As I sat down in my seat to watch The Woman in Black at the Fortune Theatre, I was surrounded by the murmur and nervousness of what was to be a very jumpy audience, settling into their seats. As anticipated, the usual suspects were there. There was the usual person moaning that these were not the seats they’d booked, and another group worried that they would be way too scared, sitting so close to the front.
Once in my seat, I was able to sit back and examine the beautiful Grade II-listed theatre, which has been home to The Woman in Black since 1989. This theatre, smaller than most, seating only 432 people, works perfectly for this play and creates the illusion that everyone in the auditorium is part of the action on stage.
The Actor, played by Adam Best, and Arthur Kipps, played by Ken Drury, demonstrated their versatility and stamina as actors portraying a number of different characters, each with their very unique character traits and diverse accents. The comic timing and the interaction between the two actors were superb and it was clear to see that the pair had great trust in one another, delivering a totally believable performance and keeping the audience on the edge of their seats with their fantastic storytelling skills.
Each character travelled on an emotional rollercoaster and to maintain that intensity in every performance is a huge task. I am delighted to say both actors pulled off this feat with great effect and their vast experience was evident for all to see. Both actors’ roles were very physical and the characters were steadfastly maintained, even when running around the theatre and scaling the huge raked stage. The passion and the energy displayed by both actors richly deserved the huge applause it received at the end.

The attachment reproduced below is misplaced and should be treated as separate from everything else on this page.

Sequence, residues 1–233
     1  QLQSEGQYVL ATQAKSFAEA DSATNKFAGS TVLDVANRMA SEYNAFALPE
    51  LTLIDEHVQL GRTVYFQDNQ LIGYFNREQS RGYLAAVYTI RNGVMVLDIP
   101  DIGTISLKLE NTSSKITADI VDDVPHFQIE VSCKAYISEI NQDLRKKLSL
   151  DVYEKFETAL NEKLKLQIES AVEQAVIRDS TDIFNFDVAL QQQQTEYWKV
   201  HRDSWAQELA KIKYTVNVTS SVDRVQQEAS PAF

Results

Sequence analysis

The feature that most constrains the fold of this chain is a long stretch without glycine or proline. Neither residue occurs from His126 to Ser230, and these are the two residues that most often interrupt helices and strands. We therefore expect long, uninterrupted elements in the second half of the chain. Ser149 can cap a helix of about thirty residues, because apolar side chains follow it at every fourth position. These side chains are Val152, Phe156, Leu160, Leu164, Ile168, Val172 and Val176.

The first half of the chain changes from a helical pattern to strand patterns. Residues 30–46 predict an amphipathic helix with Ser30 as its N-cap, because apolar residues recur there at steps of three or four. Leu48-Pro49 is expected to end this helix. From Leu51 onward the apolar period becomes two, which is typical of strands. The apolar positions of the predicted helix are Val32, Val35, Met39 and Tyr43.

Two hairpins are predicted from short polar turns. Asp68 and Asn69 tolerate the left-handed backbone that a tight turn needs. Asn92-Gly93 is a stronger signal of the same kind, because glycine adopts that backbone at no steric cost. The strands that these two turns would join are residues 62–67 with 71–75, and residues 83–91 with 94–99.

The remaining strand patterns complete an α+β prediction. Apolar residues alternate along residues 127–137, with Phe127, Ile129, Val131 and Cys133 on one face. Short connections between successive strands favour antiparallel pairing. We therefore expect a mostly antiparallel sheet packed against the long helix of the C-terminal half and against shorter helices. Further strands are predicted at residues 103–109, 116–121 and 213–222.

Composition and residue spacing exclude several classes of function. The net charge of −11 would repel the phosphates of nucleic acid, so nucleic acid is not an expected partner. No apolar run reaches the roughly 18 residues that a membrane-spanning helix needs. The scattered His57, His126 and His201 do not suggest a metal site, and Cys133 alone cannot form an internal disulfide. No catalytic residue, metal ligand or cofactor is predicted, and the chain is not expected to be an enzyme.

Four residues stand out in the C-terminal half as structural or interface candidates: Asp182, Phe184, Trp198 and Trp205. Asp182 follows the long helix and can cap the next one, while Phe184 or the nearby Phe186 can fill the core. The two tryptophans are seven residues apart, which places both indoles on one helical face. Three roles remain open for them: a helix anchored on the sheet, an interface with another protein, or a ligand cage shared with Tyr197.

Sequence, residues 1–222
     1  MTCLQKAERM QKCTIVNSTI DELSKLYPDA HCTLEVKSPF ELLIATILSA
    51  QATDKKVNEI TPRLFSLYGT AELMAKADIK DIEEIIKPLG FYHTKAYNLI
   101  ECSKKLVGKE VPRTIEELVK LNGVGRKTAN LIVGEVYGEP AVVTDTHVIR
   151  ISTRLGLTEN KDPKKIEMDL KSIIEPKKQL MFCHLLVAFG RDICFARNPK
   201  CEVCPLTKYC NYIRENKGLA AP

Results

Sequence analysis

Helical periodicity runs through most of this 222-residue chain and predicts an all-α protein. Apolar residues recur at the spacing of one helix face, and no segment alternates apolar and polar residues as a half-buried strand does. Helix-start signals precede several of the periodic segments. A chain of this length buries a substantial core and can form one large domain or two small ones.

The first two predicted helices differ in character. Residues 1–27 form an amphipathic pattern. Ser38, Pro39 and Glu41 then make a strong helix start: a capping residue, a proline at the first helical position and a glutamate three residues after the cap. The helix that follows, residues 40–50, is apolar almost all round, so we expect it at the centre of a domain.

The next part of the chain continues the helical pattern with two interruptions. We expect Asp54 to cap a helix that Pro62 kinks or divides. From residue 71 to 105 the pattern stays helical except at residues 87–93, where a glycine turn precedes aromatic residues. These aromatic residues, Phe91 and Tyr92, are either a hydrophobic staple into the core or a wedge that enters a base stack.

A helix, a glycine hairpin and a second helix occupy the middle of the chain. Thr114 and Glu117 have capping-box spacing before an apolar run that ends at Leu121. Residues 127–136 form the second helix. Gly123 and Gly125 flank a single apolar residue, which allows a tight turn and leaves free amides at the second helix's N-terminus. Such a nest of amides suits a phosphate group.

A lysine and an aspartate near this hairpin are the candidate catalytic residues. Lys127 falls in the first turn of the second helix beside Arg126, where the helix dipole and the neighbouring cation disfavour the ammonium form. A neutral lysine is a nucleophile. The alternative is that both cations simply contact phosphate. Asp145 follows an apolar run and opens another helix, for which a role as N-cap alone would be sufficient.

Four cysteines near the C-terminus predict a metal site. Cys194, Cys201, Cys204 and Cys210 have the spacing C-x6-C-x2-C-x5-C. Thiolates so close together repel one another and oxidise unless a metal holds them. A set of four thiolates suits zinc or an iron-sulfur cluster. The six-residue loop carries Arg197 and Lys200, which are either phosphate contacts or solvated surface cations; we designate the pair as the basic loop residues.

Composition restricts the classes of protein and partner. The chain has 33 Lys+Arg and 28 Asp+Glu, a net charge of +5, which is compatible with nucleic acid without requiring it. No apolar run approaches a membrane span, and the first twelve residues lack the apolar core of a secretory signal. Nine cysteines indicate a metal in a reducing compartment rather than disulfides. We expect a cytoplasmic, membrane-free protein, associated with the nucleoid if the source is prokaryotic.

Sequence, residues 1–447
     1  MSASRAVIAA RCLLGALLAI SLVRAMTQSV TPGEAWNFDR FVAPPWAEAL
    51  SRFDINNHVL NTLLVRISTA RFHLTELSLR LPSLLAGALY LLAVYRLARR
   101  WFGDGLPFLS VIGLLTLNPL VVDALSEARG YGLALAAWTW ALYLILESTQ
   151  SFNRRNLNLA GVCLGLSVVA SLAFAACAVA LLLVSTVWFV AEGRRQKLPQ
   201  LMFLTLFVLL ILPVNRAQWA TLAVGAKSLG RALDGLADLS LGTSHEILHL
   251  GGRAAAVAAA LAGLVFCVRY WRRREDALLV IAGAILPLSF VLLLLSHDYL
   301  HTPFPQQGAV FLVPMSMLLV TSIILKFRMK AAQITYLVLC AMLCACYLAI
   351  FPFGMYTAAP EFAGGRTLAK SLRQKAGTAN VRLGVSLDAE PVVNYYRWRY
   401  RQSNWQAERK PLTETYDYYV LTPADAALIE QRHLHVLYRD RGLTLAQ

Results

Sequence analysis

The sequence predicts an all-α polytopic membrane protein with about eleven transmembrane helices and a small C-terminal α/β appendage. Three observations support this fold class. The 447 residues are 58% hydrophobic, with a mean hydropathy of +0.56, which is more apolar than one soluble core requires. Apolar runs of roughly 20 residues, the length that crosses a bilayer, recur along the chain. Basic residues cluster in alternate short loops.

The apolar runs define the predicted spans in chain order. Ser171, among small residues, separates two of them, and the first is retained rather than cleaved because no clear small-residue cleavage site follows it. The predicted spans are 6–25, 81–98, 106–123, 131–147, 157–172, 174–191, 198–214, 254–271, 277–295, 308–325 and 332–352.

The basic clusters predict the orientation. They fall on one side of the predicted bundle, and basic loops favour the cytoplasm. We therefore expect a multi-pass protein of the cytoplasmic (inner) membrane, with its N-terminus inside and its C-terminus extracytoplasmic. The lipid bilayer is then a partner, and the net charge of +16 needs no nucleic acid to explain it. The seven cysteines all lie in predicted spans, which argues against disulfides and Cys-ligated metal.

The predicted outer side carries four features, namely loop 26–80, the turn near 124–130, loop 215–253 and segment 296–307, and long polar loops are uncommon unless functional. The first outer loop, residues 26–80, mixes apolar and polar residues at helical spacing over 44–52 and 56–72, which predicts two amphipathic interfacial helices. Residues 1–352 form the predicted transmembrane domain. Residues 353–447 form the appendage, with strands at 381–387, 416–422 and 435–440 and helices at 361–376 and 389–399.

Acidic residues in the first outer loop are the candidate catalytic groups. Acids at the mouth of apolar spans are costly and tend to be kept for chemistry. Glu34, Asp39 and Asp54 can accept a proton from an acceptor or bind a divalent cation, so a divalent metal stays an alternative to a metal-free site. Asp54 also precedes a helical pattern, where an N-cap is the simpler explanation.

It was great to see a limited set and only essential props and costumes used, making it more about the well-written story and superb acting skills rather than relying on the spectacle of a high budget set. Hats, coats and glasses were used to quickly switch between characters, each one as complex and convincing as the last. Not enough shows rely on the imagination of the audience, but this show definitely does. Everyone in the audience absolutely believed Spider the dog was on stage and we all felt for her when she was in trouble.
If you have not taken the opportunity to see this show and maybe thought “oh I’ll just watch the film instead”, stop! The stage production portrays the characters and story in far more depth and if you are looking for the fear factor, I felt it was far scarier when it is actually happening all around you. Be warned! Throughout the show you will hear noises, be engulfed in smoke and begin to think you have actually seen the woman in black everywhere you glance.
This show is expertly presented in a unique way, which totally absorbed the audience and created a level of suspense which intensified as the show progressed. Unsurprisingly, the audience screamed and I observed many watching through their hands at times.
To conclude, the mixture of horror and comedy works perfectly. You will laugh, you will be scared and you may even leave the theatre with a haunting rocking sound still in your ears!!
For a fantastic night out – go and see this play.
The Woman In Black Review by David Brewis who you can follow on Twitter at @davidbrewis
Saturday 11th August 2012